Lamar on Life

From a Christian living in a Gulf country. The Middle East, Arabic, understanding Muslims, outreach to Muslims are to be addressed. In addition, thoughts, reflections, and book reviews will be posted.

Sunday, August 20, 2006

The fifth proposition was, “It is easier for a Christian to sin than to do righteousness.”

From the previous discussion of question 4, doesn’t it just seem that it IS easier to give in to the temptation than to resist it? And doesn’t that mean that it is indeed easier to sin than to continue to resist? There is a saying that “Opportunity only knocks once, but temptation bangs on the door constantly.” Temptation can just wear you down. Christ sweated drops of blood resisting temptation and obeyed “even to death on the cross.” Surely, THIS proposition is true. It seems sin is easier. Or is it?

What then does it mean that Christ said, “Come to me all you are weary and burdened down, and I will give you rest”? And, “My commandments are not grievous”? And, “My yoke is easy and my burden is light”? And, “The way of the transgressors is hard”?

We looked at I Cor. 10:13 before. Let’s look at the chapter again. Paul spent the first part of chapter 10 telling what happened to the children of Israel as they sinned in the wilderness. Vipers attacked, bodies got scattered across the desert, the angel of death visited. Then verse 11 says, “These things happened to them as examples and were written down as warnings for us...” Then Paul warns about how prevalent and common temptations are. “So if you think you are standing firm, be careful that you don’t fall.” And vs. 14, “Therefore, my dear friends, flee from idolatry.”

Paul warns about falling. Which is easier, standing or falling? He also says to flee idolatry. Which is easier, fleeing or staying? Well, to fall takes no effort at all and neither does staying where you are. If our definition of “easy” is to expend no effort against the inertia of life or gravitational forces, then I guess it is easier for a Christian to sin. And if it is easier to not flee and just hang around while an enemy dismembers you, then I guess it is easier for a Christian to sin rather than flee. However, if “easy” means avoiding trouble and unnecessary hardship, then I have to say that it is NOT easier to sin. Jesus also warned us that to commit sin makes us a slave to sin. For example, it may be easier for alcoholics to take a drink, but it inevitably brings them into difficulty. Though it is easy to fall into slavery, living life as a slave is not easy.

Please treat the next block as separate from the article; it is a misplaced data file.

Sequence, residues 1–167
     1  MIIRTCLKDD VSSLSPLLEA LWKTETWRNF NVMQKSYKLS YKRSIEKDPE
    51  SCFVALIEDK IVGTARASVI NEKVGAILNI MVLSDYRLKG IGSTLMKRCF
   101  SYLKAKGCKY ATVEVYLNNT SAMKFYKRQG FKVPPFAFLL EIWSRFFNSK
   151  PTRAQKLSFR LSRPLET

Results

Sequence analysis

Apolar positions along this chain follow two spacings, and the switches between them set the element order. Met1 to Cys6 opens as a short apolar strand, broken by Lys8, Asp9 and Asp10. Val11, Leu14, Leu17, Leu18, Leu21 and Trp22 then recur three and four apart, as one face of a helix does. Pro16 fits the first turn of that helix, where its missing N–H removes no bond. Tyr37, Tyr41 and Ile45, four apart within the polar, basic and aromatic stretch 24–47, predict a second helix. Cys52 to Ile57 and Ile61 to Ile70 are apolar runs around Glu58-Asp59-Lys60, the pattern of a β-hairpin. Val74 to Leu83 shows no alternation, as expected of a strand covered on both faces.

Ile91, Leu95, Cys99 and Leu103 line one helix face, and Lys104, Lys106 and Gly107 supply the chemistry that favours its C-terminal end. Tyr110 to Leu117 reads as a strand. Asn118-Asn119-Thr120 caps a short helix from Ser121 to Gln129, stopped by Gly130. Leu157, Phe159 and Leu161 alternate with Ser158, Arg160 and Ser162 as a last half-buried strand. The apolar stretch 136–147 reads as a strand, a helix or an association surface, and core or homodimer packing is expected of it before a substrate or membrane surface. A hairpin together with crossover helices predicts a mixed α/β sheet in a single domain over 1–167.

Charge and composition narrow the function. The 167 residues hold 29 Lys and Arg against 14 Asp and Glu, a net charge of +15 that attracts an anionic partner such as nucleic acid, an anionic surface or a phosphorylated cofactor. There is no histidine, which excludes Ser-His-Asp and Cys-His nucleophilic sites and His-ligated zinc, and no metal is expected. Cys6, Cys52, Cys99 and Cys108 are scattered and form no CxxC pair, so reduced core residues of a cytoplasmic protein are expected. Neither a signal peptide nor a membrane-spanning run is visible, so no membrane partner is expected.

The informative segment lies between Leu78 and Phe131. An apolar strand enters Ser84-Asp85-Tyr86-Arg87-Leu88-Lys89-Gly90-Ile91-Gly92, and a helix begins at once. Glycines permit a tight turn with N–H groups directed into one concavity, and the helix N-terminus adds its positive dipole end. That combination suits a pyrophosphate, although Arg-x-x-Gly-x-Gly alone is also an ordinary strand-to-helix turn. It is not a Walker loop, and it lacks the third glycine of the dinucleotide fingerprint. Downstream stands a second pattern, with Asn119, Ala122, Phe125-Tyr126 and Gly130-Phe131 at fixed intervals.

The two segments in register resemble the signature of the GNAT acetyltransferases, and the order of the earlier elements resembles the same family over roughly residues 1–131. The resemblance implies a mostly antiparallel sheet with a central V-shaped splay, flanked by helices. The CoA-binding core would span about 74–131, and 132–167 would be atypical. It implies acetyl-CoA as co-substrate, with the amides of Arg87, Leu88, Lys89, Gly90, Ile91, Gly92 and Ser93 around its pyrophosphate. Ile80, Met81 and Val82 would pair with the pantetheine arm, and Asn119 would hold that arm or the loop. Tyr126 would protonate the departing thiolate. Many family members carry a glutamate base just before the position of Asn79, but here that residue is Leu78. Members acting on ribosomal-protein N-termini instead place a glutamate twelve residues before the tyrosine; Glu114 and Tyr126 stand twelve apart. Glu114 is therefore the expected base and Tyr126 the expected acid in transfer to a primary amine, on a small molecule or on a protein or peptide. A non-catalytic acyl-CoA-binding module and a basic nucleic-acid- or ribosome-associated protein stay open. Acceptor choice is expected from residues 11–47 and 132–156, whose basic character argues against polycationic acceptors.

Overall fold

Peter Lord’s argument against this proposition centers around our identity as Christians. He asks rhetorically whether it is hard for a horse to be a horse or a bird to be a bird. Instead, isn’t it difficult for a horse to live like a bird or a bird to live like a horse? We are a new creation, created for a specific kind of life too. “We are His workmanship, created for good works in Christ.” As a bird is created to be a bird, we are created for righteous works. But a bird has to believe he is a bird, and we have to believe we are new creations.

Say there are two brothers. One of them believes that their beloved mother has died, and the other does not. Even if the mother is in fact alive, that brings no joy to the one who believes that she has died. We can expect him to live according to what he believes to be true. Or, if there are two soldiers who are supposed to carry their 70 lb packs over a mountain. One is told by the sergeant that he can’t do it, and the other is told that he can. If each of them believes the sergeant, how will their journeys differ? What we believe about life profoundly affects how we approach life’s challenges. And in this life, how much of the gospel we believe determines how much of our salvation we receive.

Jesus himself, in the garden of Gethsemene, saw two paths ahead. One went through the shame of the cross and ended in joy and honor. (Heb. 12:2) The other would have bypassed the cross, and ended … where? When you consider the glorious end of our path as part of the path, then we can join with Paul in downplaying our “momentary and light afflictions.”


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